The bread alone was worth about 2 EUR and then I got another 10 biscuits such as croissants. Very good value for money! I managed to finish everything but it did take me a few days.
6. Use apps to get free food
What do I like more then cheap food? Free food of course!
A great app to scout for free food is spydeals. Spydeals is mostly used for deals on all sorts of things, but what it can also be used for is to look for totally free items. Including food!
One very popular type of free food is cashback deals.
I have come across some really nice ones, for example this vegetable box from the Aldi. It contained 1.1 kg of vegetables!
It also does help to discover great food tips. After I purchased that vegetable box I have bought it a few more times. It costs only 5 EUR and you get a really nice and healthy mix of vegetables. Often it includes sauce and sometimes couscous or pasta. Its so much better then Microwave food, and I save some time on selecting all the right vegetables and sauce I need for a dish usually.
I can really recommend to give it a try.
Tip: while some cashback deals stay for a few days or even weeks on the App, some are gone extremely fast. The cashback app on this vegetable box was gone within hours.
I usually check the App quickly when I get up in the morning, especially on weekends. If there is a cashback with a limited supply that’s of good enough value I will head to the store in the morning.
Just go to the app and search for cashback you will find both food and non-food items. One item they have right now for example is this yoghurt. This cashback action has already been running for a few weeks, so it might still be running when you read this. If you missed it: don’t worry there is plenty of others coming soon.
7. Accept invitations to eat at friends, family or with your work
Whenever you have the chance to eat a free meal somewhere with relatives or friends you should absolutely accept that. It doesn’t matter if its work related, for friends or with family, its probably a very underestimated way to save on food.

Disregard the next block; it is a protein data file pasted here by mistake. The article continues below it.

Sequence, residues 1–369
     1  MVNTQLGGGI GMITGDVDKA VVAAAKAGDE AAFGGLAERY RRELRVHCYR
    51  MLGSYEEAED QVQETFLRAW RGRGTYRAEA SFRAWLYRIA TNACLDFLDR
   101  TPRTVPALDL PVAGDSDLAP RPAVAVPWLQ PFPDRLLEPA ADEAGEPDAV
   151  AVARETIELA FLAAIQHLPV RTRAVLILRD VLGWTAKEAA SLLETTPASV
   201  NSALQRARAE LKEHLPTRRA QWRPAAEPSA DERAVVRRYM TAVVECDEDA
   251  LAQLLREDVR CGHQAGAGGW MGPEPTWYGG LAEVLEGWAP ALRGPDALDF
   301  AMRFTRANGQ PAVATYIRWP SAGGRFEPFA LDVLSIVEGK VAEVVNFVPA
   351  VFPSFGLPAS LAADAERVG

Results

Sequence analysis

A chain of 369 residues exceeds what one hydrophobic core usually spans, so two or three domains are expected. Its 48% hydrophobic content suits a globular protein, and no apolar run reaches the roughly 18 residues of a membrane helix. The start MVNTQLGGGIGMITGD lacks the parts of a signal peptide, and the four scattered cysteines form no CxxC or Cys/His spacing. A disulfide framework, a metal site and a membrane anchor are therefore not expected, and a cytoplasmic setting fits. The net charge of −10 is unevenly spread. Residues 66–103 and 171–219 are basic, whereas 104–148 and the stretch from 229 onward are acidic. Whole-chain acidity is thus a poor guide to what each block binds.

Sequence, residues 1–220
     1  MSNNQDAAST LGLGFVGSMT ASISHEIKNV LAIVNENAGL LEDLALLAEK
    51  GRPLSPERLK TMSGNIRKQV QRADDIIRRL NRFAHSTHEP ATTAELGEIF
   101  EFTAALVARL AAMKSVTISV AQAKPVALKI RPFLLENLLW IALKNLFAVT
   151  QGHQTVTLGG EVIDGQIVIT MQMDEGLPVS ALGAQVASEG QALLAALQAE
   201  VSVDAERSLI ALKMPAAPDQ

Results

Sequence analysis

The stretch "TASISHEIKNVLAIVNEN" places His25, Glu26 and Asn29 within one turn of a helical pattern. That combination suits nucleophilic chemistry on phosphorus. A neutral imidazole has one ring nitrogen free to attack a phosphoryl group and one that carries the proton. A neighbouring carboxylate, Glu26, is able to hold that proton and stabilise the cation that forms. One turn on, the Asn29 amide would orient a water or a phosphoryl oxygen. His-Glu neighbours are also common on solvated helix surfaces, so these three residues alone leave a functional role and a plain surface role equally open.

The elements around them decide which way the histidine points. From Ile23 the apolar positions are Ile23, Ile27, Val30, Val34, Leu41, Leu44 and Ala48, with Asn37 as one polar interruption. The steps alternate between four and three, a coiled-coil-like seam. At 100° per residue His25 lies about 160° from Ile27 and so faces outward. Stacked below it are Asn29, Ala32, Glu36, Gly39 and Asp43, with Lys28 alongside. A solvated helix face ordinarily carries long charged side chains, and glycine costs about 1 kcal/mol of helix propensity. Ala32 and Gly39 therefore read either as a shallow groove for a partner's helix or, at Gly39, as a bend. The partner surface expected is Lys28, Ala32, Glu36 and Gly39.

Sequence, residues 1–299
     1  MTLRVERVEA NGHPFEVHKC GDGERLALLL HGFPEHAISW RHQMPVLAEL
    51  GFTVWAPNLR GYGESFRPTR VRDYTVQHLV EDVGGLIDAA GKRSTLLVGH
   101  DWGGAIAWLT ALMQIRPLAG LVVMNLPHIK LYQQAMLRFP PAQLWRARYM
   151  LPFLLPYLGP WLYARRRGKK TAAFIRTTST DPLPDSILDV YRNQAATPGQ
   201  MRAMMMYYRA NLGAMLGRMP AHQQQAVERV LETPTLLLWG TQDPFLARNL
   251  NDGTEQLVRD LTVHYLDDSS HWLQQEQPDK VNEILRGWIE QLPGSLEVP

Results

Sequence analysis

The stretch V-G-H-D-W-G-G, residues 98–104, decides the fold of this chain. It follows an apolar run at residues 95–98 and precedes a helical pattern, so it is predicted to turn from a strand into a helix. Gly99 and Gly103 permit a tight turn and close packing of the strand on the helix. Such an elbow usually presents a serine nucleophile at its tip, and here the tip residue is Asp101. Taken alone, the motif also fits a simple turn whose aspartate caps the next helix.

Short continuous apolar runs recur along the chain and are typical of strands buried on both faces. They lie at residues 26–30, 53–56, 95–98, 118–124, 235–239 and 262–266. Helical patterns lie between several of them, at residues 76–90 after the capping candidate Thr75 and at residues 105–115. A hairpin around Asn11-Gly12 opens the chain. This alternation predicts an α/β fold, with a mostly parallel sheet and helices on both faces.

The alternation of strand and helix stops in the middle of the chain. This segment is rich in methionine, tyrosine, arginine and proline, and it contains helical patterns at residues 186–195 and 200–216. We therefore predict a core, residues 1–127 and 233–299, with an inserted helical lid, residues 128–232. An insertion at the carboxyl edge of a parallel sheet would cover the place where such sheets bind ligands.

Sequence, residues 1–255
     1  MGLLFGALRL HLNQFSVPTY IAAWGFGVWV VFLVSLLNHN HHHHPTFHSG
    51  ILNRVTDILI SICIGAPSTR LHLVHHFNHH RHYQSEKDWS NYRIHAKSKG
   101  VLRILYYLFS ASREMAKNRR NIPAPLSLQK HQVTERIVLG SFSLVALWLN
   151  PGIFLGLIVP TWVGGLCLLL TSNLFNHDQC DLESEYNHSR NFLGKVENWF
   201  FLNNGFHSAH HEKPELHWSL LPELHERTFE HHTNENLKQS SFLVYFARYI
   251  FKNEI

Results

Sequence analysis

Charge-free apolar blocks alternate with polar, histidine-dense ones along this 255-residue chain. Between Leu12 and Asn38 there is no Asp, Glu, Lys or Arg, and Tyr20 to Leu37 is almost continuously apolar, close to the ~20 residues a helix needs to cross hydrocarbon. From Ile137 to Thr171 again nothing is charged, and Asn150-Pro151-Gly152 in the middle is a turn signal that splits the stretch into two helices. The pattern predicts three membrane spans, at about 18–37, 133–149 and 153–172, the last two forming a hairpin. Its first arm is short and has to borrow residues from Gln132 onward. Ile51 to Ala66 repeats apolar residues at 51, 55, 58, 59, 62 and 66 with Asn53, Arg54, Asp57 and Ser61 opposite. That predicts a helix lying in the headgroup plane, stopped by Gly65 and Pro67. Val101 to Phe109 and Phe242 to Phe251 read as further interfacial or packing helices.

Especially if you are young your parents are usually happy to see you when you moved out but still drop by for dinner.
Keep in mind that you should invite them back from time to time, but of course nobody is expecting you to cook expensive meals, a spaghetti is always tasty and cheap!
Also for appetizers there is no need to go overboard. What about garlic bread for example? Its tasty and of course since its fresh from the oven it makes a good impression. Additionally its easy to make and costs almost nothing. Also a perfect fit with Italian food in general!
Dinners from work are of course the best. A lot of employers give Christmas parties or New Years receptions. Personally always have a great time there, but another benefit is of course the free
I hope you enjoyed these tips! Do you have some of your own? Let me know in the comment section and don’t forget to subscribe 😉
One thought on “Seven tips to save on food to help you trough 2021”
These are some excellent tips, some of which I didn’t even know myself. I’ll try them out for sure as I noticed our food bill was getting out of hand with my wife being pregnant. I also noticed Colruyt can be cheaper if you buy in bulk and you can store them. For example wraps. If you buy per three, it’s cheaper at Colruyt than at Lidl. Same for yogurt, Colruyt has 0.72 EUR/L in Lidl it’s 0.45 for 500 mg.